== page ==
I have already mentioned this camera in older posts but I believe it deserves a more in depth review.
The Vest Pocket Kodak Autographic
|Vest Pocket Kodak Autographic by RaúlM.|
- Single meniscus lens about 75mm 1:11
- Three blades, Kodak ball bearing shutter, 1/25, 1/50 B and T
- Fixed focus ~1.8m to infinity
- 8, 4x7cm, exposures on 127 film
- Folding bellows in trellis struts
- Autographic window and stylus
- Size and weight: 67x121x30mm, 316g
Then is time to compose the image using the bright viewfinder that can be turned 90 degrees to take landscape pictures. The viewfinder mask accommodate both formats, portrait and landscape.
|Top view and the bright viewfinder|
|Shutter closed aperture 4 = f32|
The lens is behind the shutter and aperture blades. There is a choke to avoid apertures smaller than f11. This way only the central part of the lens is used, avoiding the flare, that these lenses are prone.
In Japan this is very appreciated, so there are people that remove the choke and adapt these lenses to modern cameras to take advantage of the dreamy effect produced by the huge flare, at larger apertures.
|Shutter opened (T) aperture 1 = F11|
The apertures are marked as 1-2-3-4.
Being 1 = f11 the others should be 16, 22 and 32.
In some models the numbers have a scene correspondence:
- Near view Portraits
- Average view
- Distant view
- Clouds Marine
- 1/25 Clear
- 1/50 Brilliant
The loading of the film is made by removing the side plate and introducing simultaneously both spools.
|Loading 127 film|
In the back there's a removable round port, to access the back of the lens, for cleaning purposes.
In the centre of that port is the red window, used to monitor the film advance.
|Back port removed|
The autographic feature is the ancestor of the the quartz date backs.
After the exposure one could open the small window and, using the iron stylus, write the date, place, whatever, in the backing paper. Then expose it, for a few seconds, to direct sunlight. When the film was processed they got their "analogue EXIF" in the space between negatives.
This was possible with a type of film, introduced in 1915 alongside with this new feature, the Kodak nº A-127.
Some facts about the VPK
It was made by Eastman Kodak Company, Rochester N.Y., U.S.A., from 1912 to 1926.
They sold about 1.750.000 units.
The VPK was the first camera to use 127 film.
This name it's self explanatory, it was a camera that could be carried in a vest pocket. In fact it isn't much bigger than many of the compact digital of today.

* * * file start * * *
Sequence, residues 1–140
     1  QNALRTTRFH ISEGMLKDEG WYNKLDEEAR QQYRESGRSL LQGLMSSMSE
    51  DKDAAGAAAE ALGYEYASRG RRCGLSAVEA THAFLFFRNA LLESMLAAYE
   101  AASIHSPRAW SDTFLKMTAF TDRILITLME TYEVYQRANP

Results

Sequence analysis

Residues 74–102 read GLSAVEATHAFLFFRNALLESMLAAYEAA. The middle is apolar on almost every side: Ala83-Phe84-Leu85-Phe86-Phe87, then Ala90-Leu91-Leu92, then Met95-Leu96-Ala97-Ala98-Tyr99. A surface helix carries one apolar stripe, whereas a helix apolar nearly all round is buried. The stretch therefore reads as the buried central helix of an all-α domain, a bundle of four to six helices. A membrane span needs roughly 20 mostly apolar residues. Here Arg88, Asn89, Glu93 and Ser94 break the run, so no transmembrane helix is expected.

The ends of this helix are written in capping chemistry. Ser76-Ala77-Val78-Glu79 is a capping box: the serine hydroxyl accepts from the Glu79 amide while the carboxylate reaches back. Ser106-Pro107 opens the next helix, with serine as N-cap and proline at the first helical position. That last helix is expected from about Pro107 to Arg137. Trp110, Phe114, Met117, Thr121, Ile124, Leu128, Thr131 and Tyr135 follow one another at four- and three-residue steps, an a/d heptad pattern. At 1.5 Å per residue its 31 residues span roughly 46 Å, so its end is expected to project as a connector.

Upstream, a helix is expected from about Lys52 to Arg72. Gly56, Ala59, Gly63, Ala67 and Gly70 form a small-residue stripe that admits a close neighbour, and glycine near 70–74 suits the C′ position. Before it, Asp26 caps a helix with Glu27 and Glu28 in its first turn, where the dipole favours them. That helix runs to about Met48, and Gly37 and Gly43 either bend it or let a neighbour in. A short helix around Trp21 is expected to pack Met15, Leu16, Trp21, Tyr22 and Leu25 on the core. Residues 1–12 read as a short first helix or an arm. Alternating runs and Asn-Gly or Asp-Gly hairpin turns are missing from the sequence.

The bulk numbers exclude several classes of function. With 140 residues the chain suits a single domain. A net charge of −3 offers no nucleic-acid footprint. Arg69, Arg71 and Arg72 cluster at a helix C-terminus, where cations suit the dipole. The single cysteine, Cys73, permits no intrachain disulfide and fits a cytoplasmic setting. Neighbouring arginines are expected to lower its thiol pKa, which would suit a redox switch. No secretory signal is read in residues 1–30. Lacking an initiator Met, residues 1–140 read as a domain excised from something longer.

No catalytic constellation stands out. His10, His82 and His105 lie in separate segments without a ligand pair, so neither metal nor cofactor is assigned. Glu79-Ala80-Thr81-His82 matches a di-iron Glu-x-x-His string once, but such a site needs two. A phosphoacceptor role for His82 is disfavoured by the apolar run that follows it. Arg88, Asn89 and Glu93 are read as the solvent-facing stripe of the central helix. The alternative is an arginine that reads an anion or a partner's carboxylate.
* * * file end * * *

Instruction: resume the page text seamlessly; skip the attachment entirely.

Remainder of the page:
This was the successor of the long praised collapsible large Kodak cameras.
It's success was due to the small size and price. They sold for $6.
This price was possible due to it's simpler construction, instead of wood, metal, leather... of the older and bigger models the VPK was made of an aluminium alloy fastened with rivets. What explains why there are still so many, in very good condition, today.
The first models didn't had the autographic feature and were painted in smooth black.
The autographic model was launched in 1915 with a black crackled finish, also called Japan crystal.
There was some special models with better, some focusing, lenses, like the Rapid Rectilinear by Baush & Lomb, the Cooke triplet, Zeiss Tessar and the rare Lacour-Berthiot Olor. Also different shutters and, some of these special models, were covered in leather.
As it was a very portable camera, there was a lot of WWI soldiers who took them to the trenches, what was strictly prohibited. That gave it the nickname "Soldier's camera".
Charles Lindberg used to carry one with him in his adventurous flights.
George Mallory, maybe the first person to reach the Everest summit, had one with him when he and Andrew Irving headed to the last part of the ascent. Both died, the body of Mallory and most of the personal effects were found, Irving's body and the camera were never recovered, in it could be the proof of their feat.
My camera story
This VPK belonged to an aunt and godmother of my father, named Rosália, she was born in the early years of the XX century. I can't say if she used it much or even if she was the original owner of the camera. All I can say is that she gave it, at some point, to my father.
He liked to show it to me when I was a kid, at home it was called aunt Zália's camera.
My father used it as a young boy.
As I started collecting cameras he gave it to me along with the ICA Minimum Palmos and the Halina X35 Super, on my birthday in 2008.
I was very curious to see what it was capable of, so I got some Efke R100 127 film, from Fotoimpex, Berlin, and made a few rolls with it.
The results amazed me:
|Playa Riazor, Coruña, Galicia, Spain by RaúlM.|
|Ribeira, Porto, Portugal by RaúlM.|
|D. Luis I bridge, Porto, Portugal by RaúlM.|
These are some of my favourite photos, taken with it.
I take the chance to thank my parents for having given it to me and particularly, to my father, for the "photo infection" that he gave me when I was a little boy.
|My parents by RaúlM.|
Thank you mum and dad.
Stay tuned (o;